In a recent blog, we announced a tool for estimating the net health impacts of COVID-19 response policies. The tool allows users to input data and adapt existing COVID-19 models to incorporate non-COVID-19 related deaths, as they have neglected to include this important information. We’ve received many helpful comments on the tool, some of which highlighted a possible area of misunderstanding: in stressing the high numbers of additional people who are dying as an indirect result of COVID-19 measures, we may have given the impression that we believe that there would be no additional non-COVID-19 deaths in an unmitigated scenario. We don’t believe that. We aimed to illustrate how the calculator works, and to demonstrate how users can adapt it to their own setting. The key to the tool is that each user is able to adapt it for their own setting.
Any calculations that we included as examples were not intended to be accurate estimates. In the Sahel example, we assumed that mortality due to transport and unintentional injuries would go down by 50 percent over three months, and that all other causes of non-COVID-19 mortality would increase by 20 percent, gradually returning to pre-COVID-19 levels over 18 months. These were assumptions to illustrate how the model works and should not be taken as actual estimates for the Sahel region. Other users interested in this region—and this is true for the calculator more generally—should use their own assumptions and where possible, their own data. The calculator is constrained by the range of mitigation and suppression scenarios modeled by other groups. But it is important to remember that these predictions (indeed all models) also use numerous assumptions—indeed some commentators have referred to them as “educated guesswork”. That’s why it is so important to communicate the assumptions that we are making.
But first of all, what is an unmitigated scenario?
Many modelers consider this to be a scenario where neither governments nor citizens take any action to reduce the spread of disease. This is a very strong assumption and should be communicated clearly. Imperial College London’s Report 12 characterized the unmitigated scenario as “the absence of interventions or spontaneous social distancing.” Yet the same team in their earlier Report 9 stated that it is “highly likely that there would be significant spontaneous changes in population behaviour even in the absence of government-mandated interventions.” A quick glance across policies adopted throughout the world, as shown by this tracker, shows that government responses differ between countries, but all countries have taken some action. In other words, an unmitigated scenario is not an appropriate comparator for COVID-19, as there are no examples of countries where neither the government, nor the people, have responded in some form.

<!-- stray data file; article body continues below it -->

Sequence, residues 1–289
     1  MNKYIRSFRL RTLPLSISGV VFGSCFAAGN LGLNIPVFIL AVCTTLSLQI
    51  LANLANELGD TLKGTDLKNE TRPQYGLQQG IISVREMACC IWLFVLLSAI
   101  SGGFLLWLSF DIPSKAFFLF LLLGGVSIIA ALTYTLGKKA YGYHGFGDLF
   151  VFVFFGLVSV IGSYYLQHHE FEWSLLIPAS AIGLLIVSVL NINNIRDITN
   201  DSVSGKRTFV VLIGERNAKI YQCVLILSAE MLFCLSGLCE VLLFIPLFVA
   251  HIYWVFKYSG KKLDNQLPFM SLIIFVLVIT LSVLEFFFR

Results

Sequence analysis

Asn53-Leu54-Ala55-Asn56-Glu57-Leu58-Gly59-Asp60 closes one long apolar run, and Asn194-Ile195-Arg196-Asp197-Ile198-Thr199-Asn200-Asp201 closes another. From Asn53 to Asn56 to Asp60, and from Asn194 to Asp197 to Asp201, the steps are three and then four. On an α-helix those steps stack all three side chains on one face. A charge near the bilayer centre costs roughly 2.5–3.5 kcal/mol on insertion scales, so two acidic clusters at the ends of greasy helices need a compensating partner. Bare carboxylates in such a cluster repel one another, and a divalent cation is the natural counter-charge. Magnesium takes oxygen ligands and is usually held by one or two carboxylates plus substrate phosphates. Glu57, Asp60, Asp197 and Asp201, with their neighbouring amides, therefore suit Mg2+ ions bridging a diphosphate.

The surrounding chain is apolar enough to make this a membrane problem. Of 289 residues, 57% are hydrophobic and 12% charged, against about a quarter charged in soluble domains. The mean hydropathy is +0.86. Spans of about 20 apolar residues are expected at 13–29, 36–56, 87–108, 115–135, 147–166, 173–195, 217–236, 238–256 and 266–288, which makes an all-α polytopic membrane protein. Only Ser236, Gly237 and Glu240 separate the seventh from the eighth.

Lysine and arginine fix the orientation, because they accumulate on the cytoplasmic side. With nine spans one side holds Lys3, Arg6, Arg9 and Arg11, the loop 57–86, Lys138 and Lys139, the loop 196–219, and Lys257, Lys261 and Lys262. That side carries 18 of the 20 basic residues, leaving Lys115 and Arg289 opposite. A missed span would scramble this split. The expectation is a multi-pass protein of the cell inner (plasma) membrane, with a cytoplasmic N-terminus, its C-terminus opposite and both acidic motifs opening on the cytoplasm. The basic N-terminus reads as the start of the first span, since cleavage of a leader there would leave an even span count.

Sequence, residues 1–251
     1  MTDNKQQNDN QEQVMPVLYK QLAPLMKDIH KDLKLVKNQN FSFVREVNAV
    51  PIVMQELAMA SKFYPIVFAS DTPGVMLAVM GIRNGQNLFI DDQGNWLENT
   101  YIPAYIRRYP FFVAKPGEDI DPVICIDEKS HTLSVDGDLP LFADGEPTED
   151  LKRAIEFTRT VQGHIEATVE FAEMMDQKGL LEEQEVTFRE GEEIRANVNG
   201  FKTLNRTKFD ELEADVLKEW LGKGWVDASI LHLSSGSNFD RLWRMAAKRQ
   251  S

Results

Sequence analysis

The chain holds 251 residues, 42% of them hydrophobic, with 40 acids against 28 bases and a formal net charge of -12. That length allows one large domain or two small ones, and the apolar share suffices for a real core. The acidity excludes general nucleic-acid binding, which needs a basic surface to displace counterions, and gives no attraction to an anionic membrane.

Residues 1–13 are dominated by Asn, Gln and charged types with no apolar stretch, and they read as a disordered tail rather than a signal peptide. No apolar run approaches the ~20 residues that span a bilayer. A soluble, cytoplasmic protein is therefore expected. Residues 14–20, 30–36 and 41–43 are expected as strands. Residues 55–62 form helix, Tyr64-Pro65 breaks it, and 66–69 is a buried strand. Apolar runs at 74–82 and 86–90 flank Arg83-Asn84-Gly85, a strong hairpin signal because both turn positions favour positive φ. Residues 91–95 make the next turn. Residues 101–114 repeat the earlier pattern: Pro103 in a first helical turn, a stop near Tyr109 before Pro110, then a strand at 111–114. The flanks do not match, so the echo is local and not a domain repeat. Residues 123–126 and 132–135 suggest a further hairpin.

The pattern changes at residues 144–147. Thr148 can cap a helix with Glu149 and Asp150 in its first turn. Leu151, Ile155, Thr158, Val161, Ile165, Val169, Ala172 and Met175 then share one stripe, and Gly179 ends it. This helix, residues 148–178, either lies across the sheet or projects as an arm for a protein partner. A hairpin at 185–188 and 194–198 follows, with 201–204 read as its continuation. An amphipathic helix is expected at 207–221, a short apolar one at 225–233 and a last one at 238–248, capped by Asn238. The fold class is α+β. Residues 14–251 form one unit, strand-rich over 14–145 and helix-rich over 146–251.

An unmitigated scenario is not an appropriate comparator for COVID-19
Why do we want to mitigate or suppress the spread of COVID-19?
We mitigate to allow capacity in hospitals to treat and save (some) lives. This is what is referred to as “flattening the curve.” The process is a means to an end, rather than an end in itself, or “making it to the raft rather than dry land.” In an unmitigated scenario, when hospitals become overwhelmed, more people die, and these can be both COVID-19 related deaths and non-COVID-19. If we mitigate or suppress then we put hospitals in the best position possible to treat the greatest number of people. But in doing so we introduce constraints which will impact the demand and supply of essential services; for instance, we could (especially in settings where hospitals are already operating at capacity) be “crowding out” other patients. Mitigation and suppression measures have broader effects on the demand for, and supply of, essential health services. The COVID-19 predictions to date only count COVID-19 deaths in unmitigated and mitigated scenarios; our calculator attempts to provide users with the ability to consider both sides of the equation, i.e., non- COVID-19 deaths too.
Revisiting the assumption of zero non-COVID-19 excess deaths. And using a more realistic comparator
Below, we present two new scenarios—scenarios B and C (scenarios A and D are the same as reported in the earlier blog). And this time, we would like to stress that these are assumptions that others should adjust based on their own priors and available data.
This is the same unmitigated scenario from the earlier blog, in which we assumed no excess non-COVID-19 deaths.
In this new unmitigated scenario, we assume transport and unintentional injury deaths go down by 10 percent over three months, and that all other causes of non-COVID-19 mortality increase by five percent, gradually returning to pre-COVID-19 levels over 18 months.
Given the issues noted above with an unmitigated scenario, we also select Imperial’s population social distancing scenario (and of course, users can select or define a different scenario from the tool). For this, we assume transport and unintentional injury deaths go down by 25 percent over three months, and that all other causes of non-COVID-19 mortality increase by 10 percent, gradually returning to pre-COVID-19 levels over 18 months.